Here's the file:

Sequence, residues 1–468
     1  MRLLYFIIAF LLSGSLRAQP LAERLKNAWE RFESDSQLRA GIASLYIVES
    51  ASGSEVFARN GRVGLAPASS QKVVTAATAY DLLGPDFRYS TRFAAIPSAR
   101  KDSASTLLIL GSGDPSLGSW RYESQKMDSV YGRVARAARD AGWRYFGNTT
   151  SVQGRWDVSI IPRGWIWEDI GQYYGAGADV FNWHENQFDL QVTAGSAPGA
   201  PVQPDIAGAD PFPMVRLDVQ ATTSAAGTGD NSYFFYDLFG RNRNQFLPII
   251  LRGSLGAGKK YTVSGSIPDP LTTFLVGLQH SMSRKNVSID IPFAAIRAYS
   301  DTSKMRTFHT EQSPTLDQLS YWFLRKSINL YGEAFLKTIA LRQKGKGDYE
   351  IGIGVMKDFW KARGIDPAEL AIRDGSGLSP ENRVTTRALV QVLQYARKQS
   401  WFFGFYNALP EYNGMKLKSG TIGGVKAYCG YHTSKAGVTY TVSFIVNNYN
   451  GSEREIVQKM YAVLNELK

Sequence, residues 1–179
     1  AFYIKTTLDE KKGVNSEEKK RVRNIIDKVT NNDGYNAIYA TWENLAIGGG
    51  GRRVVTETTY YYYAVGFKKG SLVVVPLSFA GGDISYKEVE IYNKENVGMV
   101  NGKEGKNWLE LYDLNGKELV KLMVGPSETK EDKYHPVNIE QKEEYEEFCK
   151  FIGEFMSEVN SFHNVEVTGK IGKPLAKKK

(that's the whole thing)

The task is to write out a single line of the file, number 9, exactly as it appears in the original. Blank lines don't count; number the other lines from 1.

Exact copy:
   351  IGIGVMKDFW KARGIDPAEL AIRDGSGLSP ENRVTTRALV QVLQYARKQS